HSR articulated bus operating on the B-Line, July 2017, eastbound on Main at MacNab Credit: Joey Coleman / The Public Record

New York City’s subway system is in crisis, with record breakdowns and delays, with the New York Governor declaring a state of emergency for the system.
The union representing workers who operate the system issued a 10 point plan for addressing the problems facing the system. It’s a smart move which generated much media coverage yesterday for the union, and shifted the narrative slightly from the present finger pointing between the State and City.
Many of the fixes suggested are as simple as implementing more preventative maintenance, others are move complex.
While the HSR’s problems are not comparable to the situation in NYC, many issues here relate to maintenance and breakdowns of buses.
Hamilton’s transit union, ATU 107, is presently campaigning to have the HSR operate the planned B-Line LRT. The campaign isn’t gaining the traction it could, as many transit users (this journalist included) do not trust the HSR and City Council to operate transit.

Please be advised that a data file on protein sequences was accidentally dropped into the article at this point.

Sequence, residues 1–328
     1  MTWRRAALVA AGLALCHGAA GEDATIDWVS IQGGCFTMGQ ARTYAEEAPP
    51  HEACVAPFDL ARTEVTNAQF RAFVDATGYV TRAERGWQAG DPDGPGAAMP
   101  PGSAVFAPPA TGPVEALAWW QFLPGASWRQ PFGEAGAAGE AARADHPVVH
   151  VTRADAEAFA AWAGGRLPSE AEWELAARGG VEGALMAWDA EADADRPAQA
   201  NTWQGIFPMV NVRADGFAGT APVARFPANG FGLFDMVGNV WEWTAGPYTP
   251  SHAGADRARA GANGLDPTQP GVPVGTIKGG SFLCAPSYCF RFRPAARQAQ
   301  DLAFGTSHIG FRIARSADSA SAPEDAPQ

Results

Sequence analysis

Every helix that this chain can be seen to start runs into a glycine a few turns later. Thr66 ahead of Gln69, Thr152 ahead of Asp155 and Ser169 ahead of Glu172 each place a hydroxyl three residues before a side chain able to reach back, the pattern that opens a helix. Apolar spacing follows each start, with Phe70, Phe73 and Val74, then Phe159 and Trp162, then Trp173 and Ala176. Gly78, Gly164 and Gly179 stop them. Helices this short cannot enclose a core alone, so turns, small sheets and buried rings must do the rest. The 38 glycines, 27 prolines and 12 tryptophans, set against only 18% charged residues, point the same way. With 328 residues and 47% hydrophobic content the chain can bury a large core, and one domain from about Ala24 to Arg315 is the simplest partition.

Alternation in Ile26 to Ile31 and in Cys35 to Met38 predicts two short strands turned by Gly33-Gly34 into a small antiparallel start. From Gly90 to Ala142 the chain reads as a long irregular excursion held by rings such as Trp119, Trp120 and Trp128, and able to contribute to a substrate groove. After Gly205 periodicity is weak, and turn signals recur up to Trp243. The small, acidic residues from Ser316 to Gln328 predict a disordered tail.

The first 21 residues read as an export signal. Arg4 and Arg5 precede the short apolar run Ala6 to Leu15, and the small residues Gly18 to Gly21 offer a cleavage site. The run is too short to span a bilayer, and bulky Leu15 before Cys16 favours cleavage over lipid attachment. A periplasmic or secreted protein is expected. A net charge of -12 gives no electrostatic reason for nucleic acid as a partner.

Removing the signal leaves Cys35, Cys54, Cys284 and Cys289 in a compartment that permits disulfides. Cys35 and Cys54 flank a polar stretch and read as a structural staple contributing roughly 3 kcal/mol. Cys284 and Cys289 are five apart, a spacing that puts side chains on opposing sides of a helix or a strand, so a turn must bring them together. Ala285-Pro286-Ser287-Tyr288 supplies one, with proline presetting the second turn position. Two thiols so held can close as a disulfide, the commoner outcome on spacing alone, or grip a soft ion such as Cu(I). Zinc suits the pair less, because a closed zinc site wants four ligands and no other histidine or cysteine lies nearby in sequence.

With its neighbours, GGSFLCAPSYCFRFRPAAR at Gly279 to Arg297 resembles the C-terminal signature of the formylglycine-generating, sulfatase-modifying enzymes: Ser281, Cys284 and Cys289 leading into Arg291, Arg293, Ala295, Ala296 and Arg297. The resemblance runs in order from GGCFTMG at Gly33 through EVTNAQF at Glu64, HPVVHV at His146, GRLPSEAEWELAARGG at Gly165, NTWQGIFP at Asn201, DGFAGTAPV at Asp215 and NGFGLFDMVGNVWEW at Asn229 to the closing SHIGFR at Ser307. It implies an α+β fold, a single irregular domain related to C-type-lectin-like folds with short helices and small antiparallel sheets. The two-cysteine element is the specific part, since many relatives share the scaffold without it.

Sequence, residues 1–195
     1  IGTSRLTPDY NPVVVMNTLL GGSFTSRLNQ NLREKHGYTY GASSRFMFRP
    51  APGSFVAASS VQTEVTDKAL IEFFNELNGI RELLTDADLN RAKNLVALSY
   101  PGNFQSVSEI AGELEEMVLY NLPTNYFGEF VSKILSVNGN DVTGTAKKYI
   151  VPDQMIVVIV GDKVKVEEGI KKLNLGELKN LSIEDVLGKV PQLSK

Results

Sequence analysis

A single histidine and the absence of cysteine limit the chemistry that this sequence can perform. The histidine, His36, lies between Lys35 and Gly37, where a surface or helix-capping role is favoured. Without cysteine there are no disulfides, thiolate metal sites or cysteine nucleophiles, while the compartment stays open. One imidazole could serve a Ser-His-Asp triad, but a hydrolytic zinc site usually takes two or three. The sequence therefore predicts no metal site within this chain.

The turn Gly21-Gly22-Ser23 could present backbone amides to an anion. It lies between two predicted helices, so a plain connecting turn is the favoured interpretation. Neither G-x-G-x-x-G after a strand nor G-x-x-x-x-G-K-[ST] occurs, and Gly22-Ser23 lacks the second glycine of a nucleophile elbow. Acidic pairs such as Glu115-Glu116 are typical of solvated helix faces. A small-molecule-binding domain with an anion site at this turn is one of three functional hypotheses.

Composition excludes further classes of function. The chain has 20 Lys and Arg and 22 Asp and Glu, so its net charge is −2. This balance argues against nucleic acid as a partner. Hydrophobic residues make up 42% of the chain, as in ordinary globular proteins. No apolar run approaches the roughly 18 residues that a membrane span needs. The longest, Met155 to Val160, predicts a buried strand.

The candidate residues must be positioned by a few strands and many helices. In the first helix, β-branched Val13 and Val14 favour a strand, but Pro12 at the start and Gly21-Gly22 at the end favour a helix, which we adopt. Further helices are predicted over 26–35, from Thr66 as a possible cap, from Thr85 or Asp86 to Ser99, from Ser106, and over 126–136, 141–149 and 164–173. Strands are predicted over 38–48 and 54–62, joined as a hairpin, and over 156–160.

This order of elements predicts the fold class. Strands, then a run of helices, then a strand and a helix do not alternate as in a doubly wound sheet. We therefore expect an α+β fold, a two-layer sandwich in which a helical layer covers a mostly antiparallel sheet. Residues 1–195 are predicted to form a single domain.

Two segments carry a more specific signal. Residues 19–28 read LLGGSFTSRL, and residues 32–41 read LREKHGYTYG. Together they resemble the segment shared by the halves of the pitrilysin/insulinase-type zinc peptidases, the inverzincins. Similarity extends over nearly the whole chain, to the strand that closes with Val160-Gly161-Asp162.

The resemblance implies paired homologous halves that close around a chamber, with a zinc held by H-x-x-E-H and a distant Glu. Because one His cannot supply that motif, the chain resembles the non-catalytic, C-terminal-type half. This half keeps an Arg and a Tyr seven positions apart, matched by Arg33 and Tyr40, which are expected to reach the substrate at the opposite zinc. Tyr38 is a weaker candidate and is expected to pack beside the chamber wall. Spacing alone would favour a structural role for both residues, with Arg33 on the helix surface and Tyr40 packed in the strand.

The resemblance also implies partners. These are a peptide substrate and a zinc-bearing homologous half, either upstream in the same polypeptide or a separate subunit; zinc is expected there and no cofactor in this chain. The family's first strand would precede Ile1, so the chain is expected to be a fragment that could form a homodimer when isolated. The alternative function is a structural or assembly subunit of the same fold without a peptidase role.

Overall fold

The ATU’s underlying message about ensuring good wages and benefits, reliable service, integration with buses, and good public accountability is lost in the fact that the present HSR isn’t able to manage the HSR as it exists now, let alone a LRT line.
Could launching a plan to fix the current HSR help breath life into the ATU’s LRT campaign? Or would highlighting the many shortcomings of HSR upper management further undermine the LRT campaign?
The reality is the HSR is in crisis, and with some Councillors now openly talking about the HSR’s multi-million dollar deficit, the time for a transit discussion has arrived in Hamilton.
Next year is the municipal election, will anyone lead on transit in 2018?